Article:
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SOMOLLO, DEANNE MITZI A.

LLB 4A

LAGMAN V. MEDIALDEA ET. AL. GR. NO. 231568/231771/231774

Facts: This is a consolidated case on proclamation no. 216 issued by President Duterte which
effectively placed the entire Mindanao in the state of martial law with the suspension of the
privilege of the writ of habeas corpus. Within the time provided for by Article VII Section 18,
the President presented a report to congress specifying the factual basis for the Proc. No. 216.
The report cites among other things that Mindanao is a hot bed of rebellion and lawless violence
which has only escalated through the years. In the same report, the President discussed the
strategic importance of Marawi. Congress, both House of Representatives and the House of
Senate found no cogent reason to revoke the proclamation. Both Houses issued a resolution
assenting to the effect that they found the president to have factual basis in placing Mindanao
under Martial law.

Invoking the Constitutional right to question the factual basis for the declaration of martial law,
various citizens filed a petition questioning the factual basis of the proclamation and seeking out
its nullification.

Issues: 1. WON there is factual basis to declare martial law and suspend the privilege of the writ
of habeas corpus in the entire Mindanao area.
2. WON in reviewing the proclamation, the Court has to define the three powers vested
by Article VII Sec. 18.

Held:

1. Yes, there is sufficient factual basis in declaring martial law and suspend the privilege of the
writ of habeas corpus in the entire Mindanao area. The Court elucidated its ruling in this manner,
what Article VII Section 18 grants to the president is his power as a commander in chief. Among
which include the calling out power, power to suspend the privilege of the writ of habeas corpus
and the power to declare martial law.
Due to the historical experience of the Philippines with respect to Martial law the present
Constitution provided sufficient standards to ensure that the Marcos Martial Law will not be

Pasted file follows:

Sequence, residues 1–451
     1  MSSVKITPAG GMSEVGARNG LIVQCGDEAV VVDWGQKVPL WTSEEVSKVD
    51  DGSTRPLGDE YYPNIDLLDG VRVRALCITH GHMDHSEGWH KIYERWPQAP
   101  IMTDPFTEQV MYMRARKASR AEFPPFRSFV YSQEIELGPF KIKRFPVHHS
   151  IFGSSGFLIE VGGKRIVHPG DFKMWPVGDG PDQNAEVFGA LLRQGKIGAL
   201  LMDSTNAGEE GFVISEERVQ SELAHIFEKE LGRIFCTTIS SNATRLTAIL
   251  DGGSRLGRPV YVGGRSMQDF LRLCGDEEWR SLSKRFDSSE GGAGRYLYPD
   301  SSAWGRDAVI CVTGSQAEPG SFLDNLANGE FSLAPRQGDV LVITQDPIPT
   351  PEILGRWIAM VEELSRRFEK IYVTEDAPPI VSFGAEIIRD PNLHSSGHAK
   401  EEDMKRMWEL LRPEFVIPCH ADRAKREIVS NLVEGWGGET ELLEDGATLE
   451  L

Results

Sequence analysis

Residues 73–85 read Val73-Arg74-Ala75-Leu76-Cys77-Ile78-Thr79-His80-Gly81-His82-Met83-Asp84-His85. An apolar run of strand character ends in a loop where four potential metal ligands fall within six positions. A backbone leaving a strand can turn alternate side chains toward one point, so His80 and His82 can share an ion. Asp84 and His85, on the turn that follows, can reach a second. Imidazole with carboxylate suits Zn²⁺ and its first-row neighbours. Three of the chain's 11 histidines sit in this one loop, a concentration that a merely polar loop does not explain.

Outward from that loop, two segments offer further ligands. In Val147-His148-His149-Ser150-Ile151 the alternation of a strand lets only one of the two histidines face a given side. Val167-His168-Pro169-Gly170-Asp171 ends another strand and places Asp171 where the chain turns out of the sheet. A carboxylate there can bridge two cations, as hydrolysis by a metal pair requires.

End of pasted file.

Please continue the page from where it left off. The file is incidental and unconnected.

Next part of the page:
repeated this includes: the duty of Congress to convene within 24 hours ,after the declaration, if
not in session to determine whether or not there is sufficient factual basis for the declaration, the
President is also required to appear before congress to report on the basis of the said declaration
and as a last protection- any citizen may question the sufficiency of the factual basis of the
declaration of martial law or the suspension of the privilege of the writ of habeas corpus or the
extension thereof.

Furthermore, in the determination of what is sufficient factual basis, the President merely has to
satisfy the quantum of probable cause. In this instant case the President used facts which were
available to him to determine whether or not there is indeed a necessity to declare martial law
and suspend the privilege of the writ of habeas corpus. He can rely on reports given to him by
his military commanders. The Court cannot expect that there be a 100% accuracy on the report
made by the President to Congress. If precision is required prior to action then the power to act
of the President in cases of extreme urgency such as this will be rendered inutile. Whether to
declare martial law or not is based on the judgment call of the President. Subsequent events
should not be used to determine whether at the time Martial Law was declared there was already
sufficient factual basis. The Court also clarified that it cannot conduct a separate investigation on
the facts which the President reported as the Courts will rely only on the facts used prior to and
during the declaration.
The Court also found that there is indeed sufficient factual basis as there is rebellion in Marawi
and not terrorism. There was indeed an armed group, they were clear in their purpose of uprising
against the Government of the Philippines and sought to remove sovereignty from the
Government by establishing a DAESH wilayat and consequently removing from the President
the ability to exercise his powers.